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How labour shortages are driving vineyards towards automation

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Winegrowers, like other agricultural producers, rely on cheap migrant labour to perform some of the most labour intensive tasks in the process. With COVID-19 lockdowns slowing down the movement of people to the wine-growing regions of the world, vintners started turning to harvesters and other automation processes instead.

How labour shortages are driving vineyards towards automation
Winemaking is a tradition that dates back to almost 10,000 years. The tradition of growing grapes, picking them by hand, crushing them and then fermenting them has remained unchanged over the past centuries. And now, perhaps for the first time, wine-growing is facing labour shortages. Winegrowers across Western Europe are turning to automation to get the work done and reduce dependence on manual labour, reported the Wall Street Journal.
The wine-growing industry along with other agricultural industries across Western Europe, South America and the US employ migrant workers for their labour-intensive tasks. One of the most labour intensive tasks in the wine-growing process is the harvest of grapes and has traditionally been done by hand. With hundreds of acres of vineyards to cover, picking grapes requires a strong workforce and as the workforce willing to do low-paying, physically demanding, and seasonal jobs isn’t readily available anymore, winegrowers are forced to consider other options.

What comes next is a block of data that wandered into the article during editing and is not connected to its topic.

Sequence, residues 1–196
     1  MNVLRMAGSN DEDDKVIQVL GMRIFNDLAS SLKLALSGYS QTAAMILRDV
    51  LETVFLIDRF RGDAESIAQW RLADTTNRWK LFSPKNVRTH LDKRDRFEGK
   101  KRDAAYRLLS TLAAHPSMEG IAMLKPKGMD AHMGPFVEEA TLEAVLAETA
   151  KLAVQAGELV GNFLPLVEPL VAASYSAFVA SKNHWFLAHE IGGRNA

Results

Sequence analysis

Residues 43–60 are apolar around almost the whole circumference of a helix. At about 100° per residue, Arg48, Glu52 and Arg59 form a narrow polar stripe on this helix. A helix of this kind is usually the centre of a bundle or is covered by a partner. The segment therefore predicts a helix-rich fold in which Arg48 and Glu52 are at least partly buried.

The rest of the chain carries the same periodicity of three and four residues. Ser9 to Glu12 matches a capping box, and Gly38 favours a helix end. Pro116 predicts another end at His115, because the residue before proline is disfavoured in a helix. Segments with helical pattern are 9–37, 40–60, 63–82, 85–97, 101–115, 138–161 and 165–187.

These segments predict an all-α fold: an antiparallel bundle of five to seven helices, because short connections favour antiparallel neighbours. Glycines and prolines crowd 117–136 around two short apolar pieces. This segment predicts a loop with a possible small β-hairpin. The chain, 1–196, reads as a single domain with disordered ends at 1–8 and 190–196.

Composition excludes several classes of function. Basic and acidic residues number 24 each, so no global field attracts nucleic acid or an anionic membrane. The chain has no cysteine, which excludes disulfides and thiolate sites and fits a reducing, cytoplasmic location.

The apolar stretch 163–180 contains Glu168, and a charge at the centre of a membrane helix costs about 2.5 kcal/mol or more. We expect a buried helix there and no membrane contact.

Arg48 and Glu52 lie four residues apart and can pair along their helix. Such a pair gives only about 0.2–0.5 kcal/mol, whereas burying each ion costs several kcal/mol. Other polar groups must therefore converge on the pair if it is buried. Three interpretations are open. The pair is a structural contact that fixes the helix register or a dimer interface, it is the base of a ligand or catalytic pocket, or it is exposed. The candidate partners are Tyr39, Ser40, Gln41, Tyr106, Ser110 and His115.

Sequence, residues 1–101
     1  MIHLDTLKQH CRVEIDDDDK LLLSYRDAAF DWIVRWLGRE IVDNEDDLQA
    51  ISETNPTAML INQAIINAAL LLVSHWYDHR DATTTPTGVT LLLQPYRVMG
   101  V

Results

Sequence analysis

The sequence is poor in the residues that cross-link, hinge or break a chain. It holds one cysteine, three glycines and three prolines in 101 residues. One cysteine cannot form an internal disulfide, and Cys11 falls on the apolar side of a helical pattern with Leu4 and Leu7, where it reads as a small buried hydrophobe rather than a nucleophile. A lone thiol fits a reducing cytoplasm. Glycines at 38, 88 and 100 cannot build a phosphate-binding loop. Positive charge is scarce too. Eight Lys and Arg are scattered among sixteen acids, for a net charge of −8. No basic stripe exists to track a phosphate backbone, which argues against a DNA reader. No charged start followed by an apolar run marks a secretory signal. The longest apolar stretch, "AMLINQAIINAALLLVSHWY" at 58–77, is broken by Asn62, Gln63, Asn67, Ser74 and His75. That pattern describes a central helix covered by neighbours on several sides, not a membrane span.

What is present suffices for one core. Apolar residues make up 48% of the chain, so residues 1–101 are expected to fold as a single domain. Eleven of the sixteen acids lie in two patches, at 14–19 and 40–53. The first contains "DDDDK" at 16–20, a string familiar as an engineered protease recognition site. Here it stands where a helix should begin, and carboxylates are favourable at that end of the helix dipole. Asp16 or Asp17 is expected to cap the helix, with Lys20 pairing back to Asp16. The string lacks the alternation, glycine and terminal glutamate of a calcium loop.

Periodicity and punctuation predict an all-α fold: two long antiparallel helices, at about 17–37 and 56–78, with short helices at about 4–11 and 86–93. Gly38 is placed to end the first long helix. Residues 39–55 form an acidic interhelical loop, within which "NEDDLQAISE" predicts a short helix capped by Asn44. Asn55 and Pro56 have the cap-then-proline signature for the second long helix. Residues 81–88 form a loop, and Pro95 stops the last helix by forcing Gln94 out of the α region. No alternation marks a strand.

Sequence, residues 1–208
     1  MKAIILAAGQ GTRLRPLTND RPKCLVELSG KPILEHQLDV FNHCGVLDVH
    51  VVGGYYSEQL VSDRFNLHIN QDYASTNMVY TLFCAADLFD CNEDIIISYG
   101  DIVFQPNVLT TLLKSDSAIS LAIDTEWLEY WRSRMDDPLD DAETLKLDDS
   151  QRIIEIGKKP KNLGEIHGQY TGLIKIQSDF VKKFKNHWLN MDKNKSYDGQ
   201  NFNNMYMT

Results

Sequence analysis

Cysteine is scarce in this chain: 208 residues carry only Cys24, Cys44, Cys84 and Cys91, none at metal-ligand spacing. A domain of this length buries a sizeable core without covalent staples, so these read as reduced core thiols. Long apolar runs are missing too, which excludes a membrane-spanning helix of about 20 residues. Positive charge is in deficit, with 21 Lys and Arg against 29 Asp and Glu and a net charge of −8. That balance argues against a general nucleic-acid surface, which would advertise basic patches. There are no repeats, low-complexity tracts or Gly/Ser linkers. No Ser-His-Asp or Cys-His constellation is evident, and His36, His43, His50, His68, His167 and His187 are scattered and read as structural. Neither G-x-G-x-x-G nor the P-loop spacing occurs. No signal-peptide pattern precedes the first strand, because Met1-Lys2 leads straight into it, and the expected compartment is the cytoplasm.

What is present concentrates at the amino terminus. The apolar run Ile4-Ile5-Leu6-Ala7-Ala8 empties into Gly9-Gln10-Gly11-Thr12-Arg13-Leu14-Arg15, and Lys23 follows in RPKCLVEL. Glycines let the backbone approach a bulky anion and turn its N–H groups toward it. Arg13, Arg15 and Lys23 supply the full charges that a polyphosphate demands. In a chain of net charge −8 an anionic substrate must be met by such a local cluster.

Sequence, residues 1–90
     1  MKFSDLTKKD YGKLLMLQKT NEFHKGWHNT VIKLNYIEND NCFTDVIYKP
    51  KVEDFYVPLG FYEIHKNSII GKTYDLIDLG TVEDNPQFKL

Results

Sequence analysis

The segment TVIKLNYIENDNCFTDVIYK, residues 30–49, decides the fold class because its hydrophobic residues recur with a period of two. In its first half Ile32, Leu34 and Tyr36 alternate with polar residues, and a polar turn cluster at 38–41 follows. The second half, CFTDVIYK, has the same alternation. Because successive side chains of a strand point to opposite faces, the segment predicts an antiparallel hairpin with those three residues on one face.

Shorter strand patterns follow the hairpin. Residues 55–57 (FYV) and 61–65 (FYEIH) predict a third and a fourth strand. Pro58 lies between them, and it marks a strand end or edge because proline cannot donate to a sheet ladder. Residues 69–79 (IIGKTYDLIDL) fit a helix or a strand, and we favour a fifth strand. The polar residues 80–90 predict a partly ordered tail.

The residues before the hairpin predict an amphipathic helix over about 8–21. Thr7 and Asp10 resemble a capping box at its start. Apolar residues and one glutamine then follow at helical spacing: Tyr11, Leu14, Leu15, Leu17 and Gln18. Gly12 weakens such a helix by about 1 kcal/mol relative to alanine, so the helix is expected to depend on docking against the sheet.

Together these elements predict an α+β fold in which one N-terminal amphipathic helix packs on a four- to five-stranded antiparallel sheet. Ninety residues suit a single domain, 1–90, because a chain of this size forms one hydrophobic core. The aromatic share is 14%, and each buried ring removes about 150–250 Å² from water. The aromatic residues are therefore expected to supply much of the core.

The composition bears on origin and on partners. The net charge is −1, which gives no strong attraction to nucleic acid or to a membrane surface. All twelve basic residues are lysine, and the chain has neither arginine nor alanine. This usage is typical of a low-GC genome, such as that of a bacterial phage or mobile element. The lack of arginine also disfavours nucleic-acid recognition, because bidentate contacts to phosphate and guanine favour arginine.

The labour shortages are not new, but the COVID-19 pandemic restricted the movement of migrant and temporary workers for months at a time. Local workers are hard to find due to the nature of the job. As a result, vineyards were threatened with unpicked harvests.
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Now vintners are shelling out as much as $98,000 to buy grape harvesters to reduce their dependence on labour. The labour shortage has been so acute that even smaller growers have taken the plunge towards automation.
"It was a very difficult decision for a small farm like ours – it will take a long time to recoup the investment," said Mirko Cappelli, a fourth-generation winemaker, who bought the machine to harvest 13 hectares of grapes. "But once the grapes are ready, I can start picking them. We don’t have to worry about finding workers."
The industry in the past has shied away from automation because of concerns about the quality of the grapes picked by machines, due to possible damage, and also to preserve the tradition of grape picking.
"The entire bunch of grapes must arrive at the press intact and undamaged," said Philippe Wibrotte, a spokesman for Comité Champagne, a trade group for makers of the region's product of the same name. "There is no machine that can harvest without damaging the grapes," he said.
Labour shortages and automation are not the only changes that the wine-growing industry is facing. Faced with rising global temperatures and possible effects like increasing soil acidity, wine-growing areas are slowly shifting into newer areas.
While traditional areas are slowly becoming too warm for wine production, previously colder areas are now becoming suitable regions for wine production. In areas like Argentina and Chile, growers are moving to the coast and mountains. The wine-growing in Southern France might be considering moving to the nearby Alps or Pyrenees as well. At the same time, the UK is getting to be a better wine producer.
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